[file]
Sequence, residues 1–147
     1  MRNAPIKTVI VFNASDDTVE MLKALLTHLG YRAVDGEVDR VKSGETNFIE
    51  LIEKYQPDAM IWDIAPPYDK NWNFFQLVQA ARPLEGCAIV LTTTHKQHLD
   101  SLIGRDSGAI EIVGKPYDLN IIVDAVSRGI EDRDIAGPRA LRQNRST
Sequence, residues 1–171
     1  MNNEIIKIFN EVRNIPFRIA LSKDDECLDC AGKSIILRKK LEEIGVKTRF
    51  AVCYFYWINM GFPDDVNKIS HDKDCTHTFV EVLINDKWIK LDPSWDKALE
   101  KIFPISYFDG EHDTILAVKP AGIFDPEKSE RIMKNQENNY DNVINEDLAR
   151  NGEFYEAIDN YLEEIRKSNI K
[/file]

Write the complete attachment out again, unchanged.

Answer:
Sequence, residues 1–147
     1  MRNAPIKTVI VFNASDDTVE MLKALLTHLG YRAVDGEVDR VKSGETNFIE
    51  LIEKYQPDAM IWDIAPPYDK NWNFFQLVQA ARPLEGCAIV LTTTHKQHLD
   101  SLIGRDSGAI EIVGKPYDLN IIVDAVSRGI EDRDIAGPRA LRQNRST
Sequence, residues 1–171
     1  MNNEIIKIFN EVRNIPFRIA LSKDDECLDC AGKSIILRKK LEEIGVKTRF
    51  AVCYFYWINM GFPDDVNKIS HDKDCTHTFV EVLINDKWIK LDPSWDKALE
   101  KIFPISYFDG EHDTILAVKP AGIFDPEKSE RIMKNQENNY DNVINEDLAR
   151  NGEFYEAIDN YLEEIRKSNI K